Emery Barnes

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Emery Barnes
Emery Barnes..jpg
31st Speaker of the Legislative Assembly of British Columbia
In office
March 22, 1994 – May 27, 1996
PremierMike Harcourt
Glen Clark
Lieutenant GovernorDavid Lam
Garde Gardom
Preceded byJoan Sawicki
Succeeded byDale Lovick
Deputy Speaker of the Legislative Assembly of British Columbia
In office
March 17, 1992 – March 22, 1994
Preceded byAustin Pelton
Succeeded byDale Lovick
Member of the British Columbia Legislative Assembly
for Vancouver-Burrard
In office
October 17, 1991 – May 28, 1996
Preceded byRiding Established
Succeeded byTim Stevenson
Member of the British Columbia Legislative Assembly
for Vancouver Centre
In office
August 30, 1972 – October 17, 1991
Serving with Gary Lauk (1972-1986)
Mike Harcourt (1986-1991)
Preceded byHerb Capozzi
Evan Maurice Wolfe
Succeeded byRiding Abolished
Personal details
Born(1929-12-15)December 15, 1929
New Orleans, Louisiana, United States
DiedJune 1, 1998(1998-06-01) (aged 68)
Vancouver, British Columbia, Canada
Political partyBritish Columbia New Democratic Party
OccupationSocial Worker

Emery Oakland Barnes (December 15, 1929 – June 1, 1998) was a Canadian professional football player and politician.[1]

Background[edit]

Born in Louisiana and raised in Oregon, Barnes was a gifted athlete, and was an alternate high jumper for the 1952 US Olympic Track and Field team. He played football at the University of Oregon (from where he received his B.Sc) and was selected by the National Football League's Green Bay Packers in the 1954 NFL Draft (10th round, 207th overall.) He played two games for the Packers in 1956, but had much more success in the Canadian Football League with the B.C. Lions. He played 3 years, from 1962 to 1964, for a total of 30 games and was a Grey Cup champion in 1964 (though an injury prevented him from playing in the Grey Cup game). He also received a Bachelor of Social Work degree from the University of British Columbia.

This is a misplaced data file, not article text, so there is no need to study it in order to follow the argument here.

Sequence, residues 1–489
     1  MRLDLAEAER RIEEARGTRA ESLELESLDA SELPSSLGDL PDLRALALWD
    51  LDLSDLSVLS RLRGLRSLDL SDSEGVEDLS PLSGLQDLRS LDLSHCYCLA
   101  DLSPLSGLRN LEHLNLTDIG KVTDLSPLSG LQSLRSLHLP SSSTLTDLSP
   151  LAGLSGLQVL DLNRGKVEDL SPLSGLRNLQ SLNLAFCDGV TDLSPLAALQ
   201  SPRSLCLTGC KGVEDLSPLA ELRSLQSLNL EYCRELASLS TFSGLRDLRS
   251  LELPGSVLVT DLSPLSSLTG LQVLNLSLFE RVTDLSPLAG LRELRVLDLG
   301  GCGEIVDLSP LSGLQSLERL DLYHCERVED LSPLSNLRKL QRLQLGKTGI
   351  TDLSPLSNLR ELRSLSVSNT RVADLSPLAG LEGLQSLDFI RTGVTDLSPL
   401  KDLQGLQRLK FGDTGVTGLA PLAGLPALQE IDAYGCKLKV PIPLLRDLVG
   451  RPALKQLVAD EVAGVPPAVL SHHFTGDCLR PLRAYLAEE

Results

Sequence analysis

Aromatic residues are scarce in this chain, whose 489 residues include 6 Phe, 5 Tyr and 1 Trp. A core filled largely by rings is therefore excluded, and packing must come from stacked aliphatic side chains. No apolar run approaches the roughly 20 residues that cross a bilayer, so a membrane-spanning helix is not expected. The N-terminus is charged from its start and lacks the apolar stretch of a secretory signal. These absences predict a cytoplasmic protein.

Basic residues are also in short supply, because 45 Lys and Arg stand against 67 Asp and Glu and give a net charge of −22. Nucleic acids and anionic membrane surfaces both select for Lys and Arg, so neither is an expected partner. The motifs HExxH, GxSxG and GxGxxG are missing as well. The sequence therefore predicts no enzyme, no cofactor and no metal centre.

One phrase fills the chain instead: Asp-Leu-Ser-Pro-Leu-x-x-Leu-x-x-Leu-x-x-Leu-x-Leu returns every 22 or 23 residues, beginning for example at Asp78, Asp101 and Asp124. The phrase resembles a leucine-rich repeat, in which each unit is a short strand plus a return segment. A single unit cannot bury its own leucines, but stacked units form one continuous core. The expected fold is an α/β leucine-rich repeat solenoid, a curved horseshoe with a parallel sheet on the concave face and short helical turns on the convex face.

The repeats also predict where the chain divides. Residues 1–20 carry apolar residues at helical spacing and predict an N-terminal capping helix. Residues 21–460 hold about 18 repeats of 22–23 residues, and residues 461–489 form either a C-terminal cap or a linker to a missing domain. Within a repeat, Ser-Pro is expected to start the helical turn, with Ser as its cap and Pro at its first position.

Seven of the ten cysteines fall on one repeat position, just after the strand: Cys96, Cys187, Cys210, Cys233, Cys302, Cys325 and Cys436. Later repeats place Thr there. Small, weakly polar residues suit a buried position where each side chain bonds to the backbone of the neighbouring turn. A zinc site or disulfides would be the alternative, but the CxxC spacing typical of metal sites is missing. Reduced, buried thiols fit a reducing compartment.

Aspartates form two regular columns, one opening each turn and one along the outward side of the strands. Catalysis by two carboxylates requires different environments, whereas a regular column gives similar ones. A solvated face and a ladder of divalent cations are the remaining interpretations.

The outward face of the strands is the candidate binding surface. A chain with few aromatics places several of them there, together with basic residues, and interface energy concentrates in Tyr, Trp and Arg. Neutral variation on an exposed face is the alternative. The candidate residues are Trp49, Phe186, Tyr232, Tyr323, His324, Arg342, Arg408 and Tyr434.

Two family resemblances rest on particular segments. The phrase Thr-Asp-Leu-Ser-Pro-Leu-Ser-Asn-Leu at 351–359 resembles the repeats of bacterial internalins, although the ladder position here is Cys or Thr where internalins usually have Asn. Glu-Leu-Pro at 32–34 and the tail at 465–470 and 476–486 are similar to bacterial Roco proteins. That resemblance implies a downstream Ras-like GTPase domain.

Political career[edit]

Barnes worked as a social worker before entering politics. First elected to the British Columbia legislature in 1972, and re-elected four consecutive times, he served the people of British Columbia until 1996. Barnes and fellow NDP MLA Rosemary Brown were the first black politicians elected to a legislative office in British Columbia in the 20th century. He was particularly concerned with issues relating to social justice, human rights, and poverty.

Elected Speaker of the Legislature in 1994, Barnes was also the first black person to hold this position in any Canadian province.

The city of Vancouver has named a park after him in his memory, Emery Barnes Park at 1100 Seymour Street.

Barnes is buried in Robinson Memorial Park Cemetery, in Coquitlam, British Columbia. The headstone shows his full name as "Emery Oakland Barnes."

Constance Barnes, his daughter, was an elected member of the Vancouver Park Board and stood for the 2015 federal election with the NDP in the riding of Vancouver Centre.

References[edit]

  1. ^ "Emery Barnes - Library of Congress". id.loc.gov. Retrieved June 2, 2022.

External links[edit]